Paul Nash’s time in Swanage marked the high point of his interest in Surrealism. He was immensely fond of the Dorset seaside town, the ‘extreme ugliness’ of which he found fascinating.
Nash (1889-1946) lived in and around Swanage between autumn 1934 and spring 1936. His time there overlapped with the start of an affair with the artist Eileen Agar. Introducing a guidebook to Swanage published in 1891, John Braye praised the seaside resort as ‘a "family place," where wives and daughters may safely be sent without being exposed to the extravagant vulgarities of many watering places’. By contrast, Nash’s time in the town some four decades later was marked by an impassioned jaunt of extramarital romance. In a letter to Agar on 18 July 1935, Nash wrote, ‘you are obviously very delightful but it's refreshing to find someone who will not rest upon being but overflows into attractive actions’.
The sea was an abiding source of interest to Nash. Living in Dymchurch along the Kent coast after the First World War, he had painted the vast sea wall there which prevents flooding on the Romney Marsh. His landscape imagery makes a thematic virtue of human-made structures and their interaction with organic patterns of hydrology, weather and untended undergrowth. The Stone Quay at Swanage was archetypal of this interaction, a landscape-scale concrete bank that shoulders the rolling waves. Works like Sea Wall and another masterpiece from the middle of Nash’s career, Winter Sea, display the artist’s abiding interest in waves formations.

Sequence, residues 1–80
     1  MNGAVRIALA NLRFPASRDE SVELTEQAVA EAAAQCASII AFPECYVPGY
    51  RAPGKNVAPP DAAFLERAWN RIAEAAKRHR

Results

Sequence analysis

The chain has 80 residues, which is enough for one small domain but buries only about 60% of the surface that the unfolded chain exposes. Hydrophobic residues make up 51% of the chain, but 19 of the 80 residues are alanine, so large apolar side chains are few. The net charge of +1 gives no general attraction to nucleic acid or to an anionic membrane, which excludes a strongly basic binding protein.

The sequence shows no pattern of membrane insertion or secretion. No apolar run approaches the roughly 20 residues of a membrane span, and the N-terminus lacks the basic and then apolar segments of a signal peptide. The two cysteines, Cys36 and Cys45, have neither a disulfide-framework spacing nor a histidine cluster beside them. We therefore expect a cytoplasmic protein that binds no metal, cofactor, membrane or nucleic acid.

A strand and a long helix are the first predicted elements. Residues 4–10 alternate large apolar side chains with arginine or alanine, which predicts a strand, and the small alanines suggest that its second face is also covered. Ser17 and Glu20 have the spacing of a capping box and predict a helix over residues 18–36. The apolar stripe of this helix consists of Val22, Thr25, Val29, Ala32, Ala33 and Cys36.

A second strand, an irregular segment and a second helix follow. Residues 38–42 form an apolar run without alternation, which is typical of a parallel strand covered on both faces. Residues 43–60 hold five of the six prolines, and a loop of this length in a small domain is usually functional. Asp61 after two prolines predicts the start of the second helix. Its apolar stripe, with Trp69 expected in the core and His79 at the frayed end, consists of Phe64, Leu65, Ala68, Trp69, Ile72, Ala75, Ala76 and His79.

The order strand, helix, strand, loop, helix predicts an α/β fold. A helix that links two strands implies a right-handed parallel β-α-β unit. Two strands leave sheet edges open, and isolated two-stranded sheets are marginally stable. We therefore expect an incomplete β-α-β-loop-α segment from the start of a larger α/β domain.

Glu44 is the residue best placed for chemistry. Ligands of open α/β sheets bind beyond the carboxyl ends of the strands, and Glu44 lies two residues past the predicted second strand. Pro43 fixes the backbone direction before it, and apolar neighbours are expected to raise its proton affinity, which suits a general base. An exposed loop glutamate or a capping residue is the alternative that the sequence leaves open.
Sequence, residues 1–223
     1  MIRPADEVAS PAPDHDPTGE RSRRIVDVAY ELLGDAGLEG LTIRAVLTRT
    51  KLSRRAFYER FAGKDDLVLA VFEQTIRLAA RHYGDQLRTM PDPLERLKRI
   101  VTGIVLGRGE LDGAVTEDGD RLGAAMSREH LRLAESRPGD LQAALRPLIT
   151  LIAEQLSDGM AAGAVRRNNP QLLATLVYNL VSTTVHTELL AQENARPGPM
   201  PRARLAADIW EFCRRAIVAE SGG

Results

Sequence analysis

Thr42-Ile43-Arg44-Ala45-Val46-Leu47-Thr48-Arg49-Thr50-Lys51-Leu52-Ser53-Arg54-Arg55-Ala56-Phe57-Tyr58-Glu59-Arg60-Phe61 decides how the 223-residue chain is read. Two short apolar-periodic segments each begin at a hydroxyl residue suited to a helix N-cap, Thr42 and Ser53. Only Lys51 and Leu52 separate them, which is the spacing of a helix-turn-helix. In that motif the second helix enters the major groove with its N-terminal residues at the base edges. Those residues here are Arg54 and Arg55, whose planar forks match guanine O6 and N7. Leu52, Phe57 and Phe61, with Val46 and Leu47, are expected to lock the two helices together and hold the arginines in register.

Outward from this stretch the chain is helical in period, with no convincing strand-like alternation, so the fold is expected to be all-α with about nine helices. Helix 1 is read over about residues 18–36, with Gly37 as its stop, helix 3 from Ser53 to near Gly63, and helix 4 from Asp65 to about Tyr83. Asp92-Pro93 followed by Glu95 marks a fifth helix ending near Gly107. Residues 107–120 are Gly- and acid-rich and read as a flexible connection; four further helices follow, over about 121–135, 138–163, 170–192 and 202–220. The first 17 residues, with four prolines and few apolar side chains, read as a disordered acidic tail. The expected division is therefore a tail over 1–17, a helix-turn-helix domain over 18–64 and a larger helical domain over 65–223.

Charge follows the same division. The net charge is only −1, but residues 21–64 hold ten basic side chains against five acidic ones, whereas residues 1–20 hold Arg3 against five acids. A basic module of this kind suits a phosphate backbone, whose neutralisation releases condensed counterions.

In the nineteenth century, painters like Caspar David Friedrich and Gustave Courbet had looked out to sea and sought to capture the great expanse. Facing the subject square-on and reducing the composition to a series of horizontal lines suggesting shore, sea and sky, they simplified and aggrandised the subject. In Nash’s paintings of the sea, this process of clarification has progressed a stage further. The waves become frozen shards, a writhing mass captured in a carefully designed schema, even as the seascape at large retains the very same overtones of the sublime which characterised sea paintings of the previous century.